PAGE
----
Boy’s Pick of the Week: Leash Belt


I am a dog lover. Okay, so maybe a little on the obsessive side. I am also a very busy woman. I wear many “hats” in the day: mom, friend, sister, dog trainer, house keeper, cousin, taxi, dog walker (for my own dogs), writer, cook, you name it. 

In my free time you can find me outdoors usually with my two dogs and twin boys. We go on walks, strolls, and bike rides. One of my frustrations in doing this, is trying to manage all the activities with just two hands; walk the dogs, push the stroller, stay sane. I was really excited when I found out Squishy Face makes a dog walking belt and could not wait to try it! I fell in love with their other products and am even more impressed with the belt.


I am not sure a better design could happen with a leash walking belt. You simply clip the belt on the leash handle and then around your waist.

I was able to easily run with this, push the boys in the stroller, and go on a family walk.


Tip: If you are a runner, I strongly recommend leashing a harness on your dog rather than his collar to avoid your dog  any neck injuries. 

Want to try out our favorite leash walking belt? CLICK HERE

Of course, having a nice “polite leash walking” cue would be very handy with this tool, so here is one of my leash walking secrets from my book “Control On Leash.” 

What you will need:

You will need treats, clicker*, leash, dog, and bait bag (treat tote).*Clicker is not required. Handler can use a verbal marker like the word “yes” instead.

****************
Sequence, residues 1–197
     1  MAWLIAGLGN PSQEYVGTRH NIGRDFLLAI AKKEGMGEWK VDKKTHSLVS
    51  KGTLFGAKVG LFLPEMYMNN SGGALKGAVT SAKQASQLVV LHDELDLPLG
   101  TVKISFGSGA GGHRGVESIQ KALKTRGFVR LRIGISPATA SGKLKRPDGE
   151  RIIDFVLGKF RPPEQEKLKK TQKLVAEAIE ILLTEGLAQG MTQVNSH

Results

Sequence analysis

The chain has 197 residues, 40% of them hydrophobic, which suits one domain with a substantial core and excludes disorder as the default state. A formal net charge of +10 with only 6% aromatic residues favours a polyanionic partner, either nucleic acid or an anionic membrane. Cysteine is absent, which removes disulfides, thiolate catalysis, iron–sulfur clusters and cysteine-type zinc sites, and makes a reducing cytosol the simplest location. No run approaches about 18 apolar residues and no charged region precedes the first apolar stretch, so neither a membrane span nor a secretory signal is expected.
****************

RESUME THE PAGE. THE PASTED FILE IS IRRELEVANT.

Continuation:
For the first few times you work on this exercise, you will use your leash with the Squishy Face dog walking belt.  Having the leash in this position (up against your core) will help you realize how much you are using your arms versus your body as a whole to get your dog into position.

How To Teach:

Step 1#:  Start walking.

As you are moving forward, observe your dog. If you get one to two steps with your dog at your side, fantastic! Click (or say “yes!) and deliver treats, but make sure you keep walking. Please do not stop and ask for a sit as you deliver a treat, and then move on. It is completely fine to slow way down especially at first while you get the hang of it to deliver the treat, but please continue the movement.


Step 2#: (If dog goes out in front of you), stop and quickly begin to move backward. 




Please note: After training hundreds of people I continually see pet owners stop, stand and wait for their dog to look at them. Please don’t! It’s crucial when you are going through this entire process that you go through the steps quickly. Don’t wait for him to look; simply start moving and he will look at you once the movement begins.

Step 3#:  Continue backing up until your dog is behind you or at your side.



It is important to make sure that he is actually beside you or behind you. Many new handlers think that right in front of them is okay and reinforce this position. Right in front is not beside or behind.

 Step 4#: When he’s behind or beside you, click (or verabl mark with “yes”) and quickly move forward again.



The reward in this situation is the movement forward, not a treat. If you treat after your dog moves out in front of you, your dog will more than likely learn the pattern of going out to the end of the leash and return for a tasty treat, and then repeat by going back out to the end of the leash.

Step 5#: During this entire process, any time your dog walks two or more steps alongside you, click (mark), and deliver a treat. 

Again, do not stop walking when delivering the treat, and never cue a sit when you are working on leash walking! Expect that it will take some practice to learn how to keep moving while you hand the treat to your dog, but I know you can do it. Watch your dog for ANY eye contact toward you; then click and treat.

You will start the training process with the Squishy Face walking belt for polite leash walking. Once your dog is doing well you can begin using just your hands and only use the belt when you would like to keep your hands free. 






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